Winner of the World Cinema Special Jury Prize at Sundance Film Festival, Free & Easy is the sort of little gem that WOW specialises in discovering. It’s a wonderful combination of Keaton, Beckett, and Kaurismaki:

‘A frayed Chinese flag flutters listlessly over the tattered fringes of a frostbitten wasteland in the North of the country. So the scene is set for an offbeat, sidelong glance at Chinese society which combines a striking visual impact with underplayed, deadpan humour.’

Wendy Ide’s review on

The feature debut of young writer-director Ella Manzheeva, The Gulls is a haunting character study with strong visual appeal. It is set in Kalmykia – the only European nation with Buddhism as the national religion – on the frozen steppes on the edge of the Caspian Sea, where the weather dominates the population’s everyday life. The wind, fog, water, ice and frozen ground also correspond to the lead character Elza’s emotional state.

Although The Gulls deals with the themes of loss and recovery, director Ella Manzheeva sees this film as being one about happiness.

‘We often associate our troubles and the failure with the people around us … However, happiness is within each one of us, and we are the only ones who can let ourselves be happy, daring, free or unhappy. This film is about the energy of life. Slow down. Listen. Listen to yourself and you will hear others. When time finds its space there comes an incredible happiness and freedom, freedom of the soul.’

Mirlan Abdykalykov’s directorial debut Heavenly Nomadic (Sutak) presents an idealised view of nomad life in the high, remote mountains of Kyrgyzstan. It’s the story of the family of the herdsman Akylbek, his wife Karachach, and his daughter-in-law Shaiyr who is the ideal image of a Kyrgyz woman: she is beautiful, she is a good mother, an excellent mistress of the house and a hard worker who treats her father-in-law respectfully and remains loyal to her dead husband.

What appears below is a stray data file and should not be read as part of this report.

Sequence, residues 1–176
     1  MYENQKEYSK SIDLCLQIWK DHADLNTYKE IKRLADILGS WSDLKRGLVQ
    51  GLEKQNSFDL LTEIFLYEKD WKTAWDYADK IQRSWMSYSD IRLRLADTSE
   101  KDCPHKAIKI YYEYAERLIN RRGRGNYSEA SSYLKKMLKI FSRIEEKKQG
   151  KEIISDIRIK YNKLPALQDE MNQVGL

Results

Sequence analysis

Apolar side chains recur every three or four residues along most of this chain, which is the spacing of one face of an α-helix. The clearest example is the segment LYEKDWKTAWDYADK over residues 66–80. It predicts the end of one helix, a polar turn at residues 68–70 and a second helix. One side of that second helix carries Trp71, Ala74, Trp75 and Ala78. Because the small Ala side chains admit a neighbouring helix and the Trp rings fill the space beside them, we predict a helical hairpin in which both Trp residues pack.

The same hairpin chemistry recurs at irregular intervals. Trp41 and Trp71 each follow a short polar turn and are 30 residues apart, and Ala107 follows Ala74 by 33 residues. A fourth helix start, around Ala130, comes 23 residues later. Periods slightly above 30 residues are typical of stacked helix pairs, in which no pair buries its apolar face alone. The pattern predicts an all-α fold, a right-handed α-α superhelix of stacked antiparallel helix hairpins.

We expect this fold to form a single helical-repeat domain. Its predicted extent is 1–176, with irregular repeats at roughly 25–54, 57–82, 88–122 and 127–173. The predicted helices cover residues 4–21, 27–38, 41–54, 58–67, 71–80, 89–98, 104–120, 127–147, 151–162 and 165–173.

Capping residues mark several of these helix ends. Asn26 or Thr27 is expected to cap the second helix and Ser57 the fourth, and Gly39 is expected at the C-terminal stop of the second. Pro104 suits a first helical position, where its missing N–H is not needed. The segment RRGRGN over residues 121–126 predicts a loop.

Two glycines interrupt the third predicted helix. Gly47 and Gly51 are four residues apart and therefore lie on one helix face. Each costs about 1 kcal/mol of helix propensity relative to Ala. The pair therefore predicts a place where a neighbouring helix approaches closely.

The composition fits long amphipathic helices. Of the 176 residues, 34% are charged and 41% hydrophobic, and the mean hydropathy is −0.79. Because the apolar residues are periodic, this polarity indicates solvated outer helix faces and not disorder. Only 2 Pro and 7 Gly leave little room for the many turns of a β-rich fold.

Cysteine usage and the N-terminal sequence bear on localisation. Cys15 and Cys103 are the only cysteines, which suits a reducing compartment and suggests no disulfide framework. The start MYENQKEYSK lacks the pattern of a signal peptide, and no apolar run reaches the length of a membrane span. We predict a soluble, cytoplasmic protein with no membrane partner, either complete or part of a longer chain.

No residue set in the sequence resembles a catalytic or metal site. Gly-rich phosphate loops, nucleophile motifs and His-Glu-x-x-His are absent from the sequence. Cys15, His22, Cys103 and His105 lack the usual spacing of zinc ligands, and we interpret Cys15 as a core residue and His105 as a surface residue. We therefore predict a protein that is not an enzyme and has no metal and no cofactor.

‘In the behavioural motivation of the protagonists of Heavenly Nomadic lies a strong internal message that emanates from the director’s own character, his outlook and attitude: Mirlan Abdykalykov is very quiet, he speaks little, he is stable and moves slowly to achieve his aims. Abdykalykov is no newcomer to cinema; he has played the lead roles in three films by his father Aktan Abdykalykov (now known as Arym Kubat) who directed The Light Thief (2010).’

Kinokultura, Issue 49, review by Gulbara Tolomushova

With so few slots to fill, the Silk Road season could only be an initial survey of a vast area of cinema. Some places – Tajikistan, Uzbekistan – still remain blank on the map. Not exactly ‘Here Be Dragons’ but with so few films currently being produced in these countries and their quality so ‘variable’ there seemed no point in including a film simply to plant a WOW flag in another country.

    I was hugely fortunate to be guided on my journey along the Silk Road by Birgit Beumers, Professor of film studies at the Aberystwyth University, editor of the journals KinoKultura and Studies in Russian and Soviet Cinema and world authority on Central Asian cinema who is giving a talk in Aberystwyth on 15 March.

If you appreciated this article, you can read longer articles on a wide range of topics in Planet magazine, and you can buy Planet here.